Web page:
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97+ pts Greg Sherwood MW
A mesmerizingly dark black purple colour, this youthful wine is wonderfully crystalline, focused and pure, possessing such pretty aromatics of cherry blossom, rose petals, caramelised cranberries, violets, cherry pie, raspberry infused herbal tea and a subtle creamy vanilla pod extravagance. The palate is ultra suave, opulent yet effortlessly fresh and defined, supremely balanced and concentrated. Such gorgeous depth and seamless elegance, a tantalizing brûléed buttered brown toast complexity, creamy filigree tannins and an incredibly long, spellbinding finish. This is going to be a definite future icon vintage on par with the very best Cru Classe wines produced in Bordeaux but at a fraction of the price. Get in early, get in quick, and go long. This is one of the most profound Rubicons of the modern era. Drink from 2020 to 2045+.
4 ½ Stars 2019 Platter’s South African Wine Guide
Cab based flagship – 61% in 15 (93 pts) – with merlot, cab franc & petit verdot. The finest, most elegant of the reds, refined & intense, full of subtle flavour, with cigarbox overtones & classic dry herbal element. Tannin & acid fully involved in the whole, promising harmony. 14.1% alcohol, 66% new oak.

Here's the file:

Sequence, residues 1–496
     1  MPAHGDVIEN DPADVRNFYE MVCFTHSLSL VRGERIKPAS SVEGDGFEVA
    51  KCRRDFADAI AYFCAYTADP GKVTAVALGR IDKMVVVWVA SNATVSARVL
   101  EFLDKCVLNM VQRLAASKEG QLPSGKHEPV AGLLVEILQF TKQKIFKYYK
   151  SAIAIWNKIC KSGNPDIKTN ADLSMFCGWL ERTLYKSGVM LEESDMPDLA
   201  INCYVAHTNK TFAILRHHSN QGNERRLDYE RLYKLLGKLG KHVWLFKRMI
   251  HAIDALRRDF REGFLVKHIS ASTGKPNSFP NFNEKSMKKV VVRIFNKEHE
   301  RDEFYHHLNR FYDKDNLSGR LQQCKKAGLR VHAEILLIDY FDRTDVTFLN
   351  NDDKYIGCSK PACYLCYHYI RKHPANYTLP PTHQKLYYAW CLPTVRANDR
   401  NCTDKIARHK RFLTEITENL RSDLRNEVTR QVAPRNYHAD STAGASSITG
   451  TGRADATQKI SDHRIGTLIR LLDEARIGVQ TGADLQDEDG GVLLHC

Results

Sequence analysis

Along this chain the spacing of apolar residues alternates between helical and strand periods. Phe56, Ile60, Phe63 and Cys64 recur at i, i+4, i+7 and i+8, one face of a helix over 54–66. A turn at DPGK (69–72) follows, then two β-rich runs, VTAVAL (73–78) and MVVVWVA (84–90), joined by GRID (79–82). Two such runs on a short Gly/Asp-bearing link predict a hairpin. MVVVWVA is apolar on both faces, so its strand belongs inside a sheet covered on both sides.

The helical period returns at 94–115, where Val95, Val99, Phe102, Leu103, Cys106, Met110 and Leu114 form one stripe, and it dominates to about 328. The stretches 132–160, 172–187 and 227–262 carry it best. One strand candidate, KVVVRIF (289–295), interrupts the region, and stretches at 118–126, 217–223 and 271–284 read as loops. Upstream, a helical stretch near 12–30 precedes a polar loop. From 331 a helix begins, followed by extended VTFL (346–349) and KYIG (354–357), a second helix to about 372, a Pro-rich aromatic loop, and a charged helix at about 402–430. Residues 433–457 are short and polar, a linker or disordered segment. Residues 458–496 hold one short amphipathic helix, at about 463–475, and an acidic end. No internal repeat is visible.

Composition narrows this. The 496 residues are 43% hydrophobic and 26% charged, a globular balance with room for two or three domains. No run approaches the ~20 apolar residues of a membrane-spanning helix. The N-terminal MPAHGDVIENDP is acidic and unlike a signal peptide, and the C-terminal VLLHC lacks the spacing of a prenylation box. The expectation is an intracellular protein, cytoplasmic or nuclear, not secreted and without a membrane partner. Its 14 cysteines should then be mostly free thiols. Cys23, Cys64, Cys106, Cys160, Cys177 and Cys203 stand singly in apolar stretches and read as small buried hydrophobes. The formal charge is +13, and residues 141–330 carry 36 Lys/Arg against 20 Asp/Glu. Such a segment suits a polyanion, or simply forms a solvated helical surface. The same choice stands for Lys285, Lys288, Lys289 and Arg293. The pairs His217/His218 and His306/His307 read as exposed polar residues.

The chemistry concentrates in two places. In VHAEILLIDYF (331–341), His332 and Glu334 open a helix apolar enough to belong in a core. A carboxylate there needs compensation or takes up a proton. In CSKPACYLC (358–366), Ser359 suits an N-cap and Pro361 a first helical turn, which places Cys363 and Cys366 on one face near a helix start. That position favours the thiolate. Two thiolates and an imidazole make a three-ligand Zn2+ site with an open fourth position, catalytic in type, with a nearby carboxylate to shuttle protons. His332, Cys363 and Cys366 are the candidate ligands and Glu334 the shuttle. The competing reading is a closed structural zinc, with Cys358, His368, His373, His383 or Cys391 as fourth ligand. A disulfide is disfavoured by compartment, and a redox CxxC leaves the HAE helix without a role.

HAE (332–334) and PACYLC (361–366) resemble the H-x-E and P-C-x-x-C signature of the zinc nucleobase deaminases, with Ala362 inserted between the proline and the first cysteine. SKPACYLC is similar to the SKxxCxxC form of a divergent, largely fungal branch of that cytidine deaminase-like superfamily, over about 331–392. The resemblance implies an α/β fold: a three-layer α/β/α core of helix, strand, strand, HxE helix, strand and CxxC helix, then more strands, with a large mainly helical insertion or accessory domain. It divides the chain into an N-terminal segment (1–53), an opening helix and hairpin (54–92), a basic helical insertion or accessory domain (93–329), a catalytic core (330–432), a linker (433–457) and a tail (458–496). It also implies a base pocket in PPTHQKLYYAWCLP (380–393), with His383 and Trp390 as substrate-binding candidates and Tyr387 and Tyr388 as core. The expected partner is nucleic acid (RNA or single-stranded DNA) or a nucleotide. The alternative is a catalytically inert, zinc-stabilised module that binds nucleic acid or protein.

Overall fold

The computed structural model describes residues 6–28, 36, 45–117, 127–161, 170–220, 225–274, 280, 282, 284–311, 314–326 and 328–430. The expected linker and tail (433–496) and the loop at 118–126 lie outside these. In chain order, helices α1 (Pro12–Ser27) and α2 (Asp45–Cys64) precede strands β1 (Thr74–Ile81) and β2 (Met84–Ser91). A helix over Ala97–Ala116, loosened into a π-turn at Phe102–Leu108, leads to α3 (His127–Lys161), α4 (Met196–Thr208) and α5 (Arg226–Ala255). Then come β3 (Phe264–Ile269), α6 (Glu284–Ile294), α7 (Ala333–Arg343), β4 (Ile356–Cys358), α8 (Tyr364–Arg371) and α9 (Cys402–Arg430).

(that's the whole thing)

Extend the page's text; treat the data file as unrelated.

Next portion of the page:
92 pts Vinous Aug 2018
The 2015 Rubicon had been a source of contention prior to my visit, hailed by some respected commentators as one of the Cape’s greats and then almost pilloried in a contemporaneous blind tasting. It is a blend of 61% Cabernet Sauvignon, 23% Merlot, 12% Cabernet Franc and 4% Petit Verdot, each fermented separately before blending. It was matured for 18 months in 66% new oak and the remainder second-fill. So what do I make of the wine? It is clear in color with quite a deep core. The bouquet is refined and focused, offering attractive mint- and graphite-infused black and red fruit and perhaps leaning a little more toward the latter compared to previous vintages. With aeration, subtle touches of pencil shavings emerge. The palate is medium-bodied with fine-grained tannin and quite velvety in texture, displaying very well integrated new oak. There is a satisfying sense of harmony to this Rubicon and it is certainly well constructed, but it does not possess that peacock’s tail on the finish that takes a very good wine to the level of great. Perfectly enjoyable, and it demonstrates very good winemaking; however, when compared to, say, the 2015 Paul Sauer, it just falls a little short. [I tasted this sighted and then in a mini blind tasting to confirm.